Alumni News

Eastern campus of NCCAT to open in Ocracoke Coast Guard Station

Alton Ballance (A.B.Ed. ’79) plays central role in turning on the lights

When the old Ocracoke Island Coast Guard station closed its doors nine years ago, the Island’s residents – also known as Ocracokers – were devastated.

“As an Ocracoker and as someone who grew up with the Coast Guard always there, it was pretty dramatic,” recalls Alton Balance, a former teacher at Ocracoke School. 

However, thanks to Ballance and other key individuals including former Governor Jim Hunt and his wife Carolyn (A.B.Ed. ’64), Ocracokers will once again be able to look at the old station and smile.  After years of planning, funding and setbacks caused by no fewer than three Hurricanes, the old Coast Guard station is undergoing renovations and plans to re-open this winter as the new home of the Eastern campus of the North Carolina Center for the Advancement of Teaching (NCCAT). 

Currently in its 21st year, NCCAT is the only program of its kind in the country.  “There are some other states that are looking at our model,” says Ballance, who now serves as coordinator of the Ocracoke NCCAT campus.  “Some other states do some similar things, but no state does the expansive programs like we do.”

Topics covered in NCCAT’s unique programs range from chocolate to lighthouses to the Louis and Clark expedition. 

One of the most popular seminars at Ocracoke, “Salty Dogs and the Life of the Sea,” introduces teachers to the life of the small commercial fisherman.  Twenty-four public school teachers board small boats with several commercial fishermen and spend the day with them pulling gill nets and crab pots from Pamlico Sound.  The teachers, who have now become the students, learn to clean their catch and later that night, that same catch will be on their dinner plate.

“None of these teachers has ever done this before,” says Ballance.  “They get close to the fishermen.  The teachers become enlightened about the work – how hard it can be and how risky.”

This enlightenment is just what many of NCCAT’s participants – some of whom have been teaching for more than 20 years – are looking for.  In an era when concern about teacher recruitment and retention is at an all-time high, NCCAT is getting results.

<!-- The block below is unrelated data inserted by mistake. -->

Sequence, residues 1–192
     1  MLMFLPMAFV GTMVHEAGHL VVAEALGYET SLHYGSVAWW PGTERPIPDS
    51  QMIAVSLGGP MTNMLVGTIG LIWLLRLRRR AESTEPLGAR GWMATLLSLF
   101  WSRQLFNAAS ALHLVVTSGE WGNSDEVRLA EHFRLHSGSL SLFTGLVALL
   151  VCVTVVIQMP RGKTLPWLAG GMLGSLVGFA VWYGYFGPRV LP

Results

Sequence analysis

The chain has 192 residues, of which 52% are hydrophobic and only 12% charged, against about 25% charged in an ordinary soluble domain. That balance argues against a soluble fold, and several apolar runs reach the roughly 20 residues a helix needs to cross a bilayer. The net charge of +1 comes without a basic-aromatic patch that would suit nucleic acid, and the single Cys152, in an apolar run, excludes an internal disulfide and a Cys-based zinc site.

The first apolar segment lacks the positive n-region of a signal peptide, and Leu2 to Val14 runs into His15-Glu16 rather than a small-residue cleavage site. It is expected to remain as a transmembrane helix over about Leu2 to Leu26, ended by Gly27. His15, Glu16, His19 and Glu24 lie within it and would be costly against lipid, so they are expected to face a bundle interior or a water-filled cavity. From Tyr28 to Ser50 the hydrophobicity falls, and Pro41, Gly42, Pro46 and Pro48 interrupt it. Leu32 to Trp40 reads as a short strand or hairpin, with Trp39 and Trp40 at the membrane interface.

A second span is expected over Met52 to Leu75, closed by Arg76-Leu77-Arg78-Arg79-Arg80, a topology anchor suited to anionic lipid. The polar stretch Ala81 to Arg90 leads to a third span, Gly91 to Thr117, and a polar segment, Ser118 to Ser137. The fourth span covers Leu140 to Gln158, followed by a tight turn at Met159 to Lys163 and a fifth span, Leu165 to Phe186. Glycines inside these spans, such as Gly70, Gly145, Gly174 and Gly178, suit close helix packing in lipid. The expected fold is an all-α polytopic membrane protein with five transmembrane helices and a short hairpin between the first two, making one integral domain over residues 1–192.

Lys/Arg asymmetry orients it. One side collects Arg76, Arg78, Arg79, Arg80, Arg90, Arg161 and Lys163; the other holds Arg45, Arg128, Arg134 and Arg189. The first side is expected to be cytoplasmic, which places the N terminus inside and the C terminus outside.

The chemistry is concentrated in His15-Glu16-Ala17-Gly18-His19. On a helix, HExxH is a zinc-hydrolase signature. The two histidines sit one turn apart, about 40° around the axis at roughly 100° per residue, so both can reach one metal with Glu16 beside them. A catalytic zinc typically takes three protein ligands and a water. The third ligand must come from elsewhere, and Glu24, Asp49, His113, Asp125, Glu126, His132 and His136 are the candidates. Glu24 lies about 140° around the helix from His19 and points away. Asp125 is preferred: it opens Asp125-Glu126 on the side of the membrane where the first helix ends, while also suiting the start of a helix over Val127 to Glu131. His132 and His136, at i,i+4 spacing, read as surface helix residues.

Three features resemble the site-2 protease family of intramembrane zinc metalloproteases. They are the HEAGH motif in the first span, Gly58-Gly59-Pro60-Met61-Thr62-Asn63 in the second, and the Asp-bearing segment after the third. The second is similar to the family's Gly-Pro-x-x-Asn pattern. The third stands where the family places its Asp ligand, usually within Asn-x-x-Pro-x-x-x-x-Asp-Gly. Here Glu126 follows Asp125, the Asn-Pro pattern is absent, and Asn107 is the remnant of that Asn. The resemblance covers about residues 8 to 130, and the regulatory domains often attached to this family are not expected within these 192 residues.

According to the organization’s statistics, only four percent of teachers ever served by NCCAT seminars are no longer teaching in North Carolina’s public schools. 

“I think that says quite a bit,” says Ballance. “If we can help keep teachers in the classroom, then we’re filling a tremendous need.”

Certainly the teachers think so – approximately 5,000 attend NCCAT programs annually.  In order to attend, teachers must have at least three years of experience teaching in any grade, pre-kindergarten through high school, in North Carolina’s public schools. 
NCCAT covers all expenses including housing, meals, transportation, even the substitute teacher. 

Private school teachers may also participate in NCCAT seminars, but they are responsible for paying the costs.

The majority of NCCAT’s programs are held at its main campus in Cullowhee, N.C., which can accommodate about 48 teachers at one time.  Other programs take place in Ocracoke or out-of-state, such as a Broadway seminar that takes teachers to New York to work with a Tony Award-winning costume designer.

Programs held in Ocracoke last fall include “Graveyard of the Atlantic,” “Hurricanes” and the ever-popular “Salty Dogs and the Life of the Sea.”  Once the new campus is open, Ballance and the NCCAT staff hope to offer 30 programs at Ocracoke each year.  

“It was a dream,” Ballance says of the project that has been nearly 11 years in the making. “We’re excited about it.  The community of Ocracoke is excited about it.  It’s a wonderful program and teachers are wonderful people.”

Once renovations are completed, a new breed of lifesavers will be moving into Ocracoke Island’s beloved old station.  As one resident said, “We sure will be glad to see the lights come back on.”